Keeping employees educated on the basic threats to privacy, in addition to emerging privacy practices and changing regulations, is definitely a challenge.
Unfortunately, you can’t buy behavior change in a box. Achieving that elusive outcome in your organization will require an understanding of what has been proven to work and—equally important—what doesn’t work. It’s a process that begins with recognizing that success will depend upon an awareness program that fully comprehends the learning, motivational, and behavioral aspects of adult learners.
Enter the ARCS model of an adult learning, developed by learning theorist John Keller. The ARCS model has proven to be particularly effective in the privacy awareness disciplines, as it lends itself to being systematically aligned to the essential aspects of a good awareness training program.
Putting the R in ARCS
ARCS stands for attention, relevance, confidence, and satisfaction. Though all four principles are important, “relevance” is a topic especially near and dear to our hearts. The relevance principle states that adult learners accept the information in new training when they can see how it relates to their interests, job role, and personal objectives. If the content is perceived as being helpful in accomplishing one’s personal or business goals, then the learner is more likely to be motivated. If not, the material is less likely to stick.
Good training exhibits relevance on multiple fronts. Relevance is essential to learner motivation. It touches upon the practical aspects of the learners’ jobs, their perceived needs and goals, the organization’s culture—even the learners’ personal lives.
Relevancy is the core-concept behind role-based privacy awareness training, which allows employees in different roles, such as HR and IT, to receive privacy education tailored just for their specialties. Here are three reasons you should consider implementing role-based training into your awareness program:
Deliver the right content to the right people
From human resources personnel to IT staffers, each type of employee needs to learn different lessons when it comes to their role in protecting the privacy of customer and employee information. Your IT employees don’t need to know about safeguarding conversations with potential hires, but do need to be well-versed in preventing unauthorized data access and use. Similarly, your HR staff don’t need to be bothered with education on data transmission practices, though protecting sensitive employee information is exactly in their wheelhouse. With role-based training, this is possible.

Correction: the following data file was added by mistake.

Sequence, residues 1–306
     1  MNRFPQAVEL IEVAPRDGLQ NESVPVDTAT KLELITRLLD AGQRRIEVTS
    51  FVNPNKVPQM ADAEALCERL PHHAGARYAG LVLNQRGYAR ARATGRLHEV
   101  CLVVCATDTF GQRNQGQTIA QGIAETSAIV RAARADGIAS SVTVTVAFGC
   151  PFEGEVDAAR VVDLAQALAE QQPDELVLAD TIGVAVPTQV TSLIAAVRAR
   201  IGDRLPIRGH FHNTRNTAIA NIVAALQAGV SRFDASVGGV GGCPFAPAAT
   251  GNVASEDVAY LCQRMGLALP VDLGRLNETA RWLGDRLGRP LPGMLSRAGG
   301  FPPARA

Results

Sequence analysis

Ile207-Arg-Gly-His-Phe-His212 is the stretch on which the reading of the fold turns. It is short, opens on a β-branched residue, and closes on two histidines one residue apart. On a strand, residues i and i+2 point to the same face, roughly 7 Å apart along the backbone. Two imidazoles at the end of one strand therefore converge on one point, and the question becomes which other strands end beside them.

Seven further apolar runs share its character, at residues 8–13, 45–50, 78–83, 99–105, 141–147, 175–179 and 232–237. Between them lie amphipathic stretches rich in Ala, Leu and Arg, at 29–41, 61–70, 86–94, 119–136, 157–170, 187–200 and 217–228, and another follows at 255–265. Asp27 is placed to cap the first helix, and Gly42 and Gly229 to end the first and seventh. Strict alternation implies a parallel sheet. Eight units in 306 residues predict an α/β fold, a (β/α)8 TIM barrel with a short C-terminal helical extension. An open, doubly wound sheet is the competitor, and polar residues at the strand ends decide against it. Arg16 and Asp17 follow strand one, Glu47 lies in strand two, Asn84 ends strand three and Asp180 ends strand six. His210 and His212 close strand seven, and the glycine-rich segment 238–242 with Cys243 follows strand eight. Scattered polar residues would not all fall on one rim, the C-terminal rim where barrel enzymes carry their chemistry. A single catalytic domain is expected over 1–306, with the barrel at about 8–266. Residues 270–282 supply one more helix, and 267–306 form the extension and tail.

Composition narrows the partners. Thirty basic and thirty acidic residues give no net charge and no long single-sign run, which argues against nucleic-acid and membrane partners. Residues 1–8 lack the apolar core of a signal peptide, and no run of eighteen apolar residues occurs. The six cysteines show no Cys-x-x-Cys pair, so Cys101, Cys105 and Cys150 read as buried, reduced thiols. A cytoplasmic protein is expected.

Save your employees time
“Time is money” would not be such a well-used phrase if it weren’t true. Employee time spent on privacy training is time not spent crossing other things off their list while at work. While a vital part of the work experience for certain sectors, privacy training still needs to deliver the best bang for the buck. Role-based training ensures your employees only get trained on the content they need, without time wasted on content that’s not relevant to them.
Help your employees retain what they’ve learned
As we discussed earlier in this article, people are more likely to retain lessons they’ve learned if those lessons are relevant to them. If they have to sit through training that they know has nothing to do with their jobs, it will likely go in one ear and out the other. With role-based training, the chances of retention are increased significantly.
Role-based solutions keep organizations from being forced to educate employees on both general and role-based privacy content by delivering multiple courses or giving all employees one lengthy training. The role-based approach to privacy training allows companies to meet all their business-related goals related to privacy education, delivers the right content to the right people, and dramatically decreases time spent tracking and administering different courses.
Relevancy is king, and role-based training lets you deliver relevant privacy awareness content to your most valuable assets: your employees.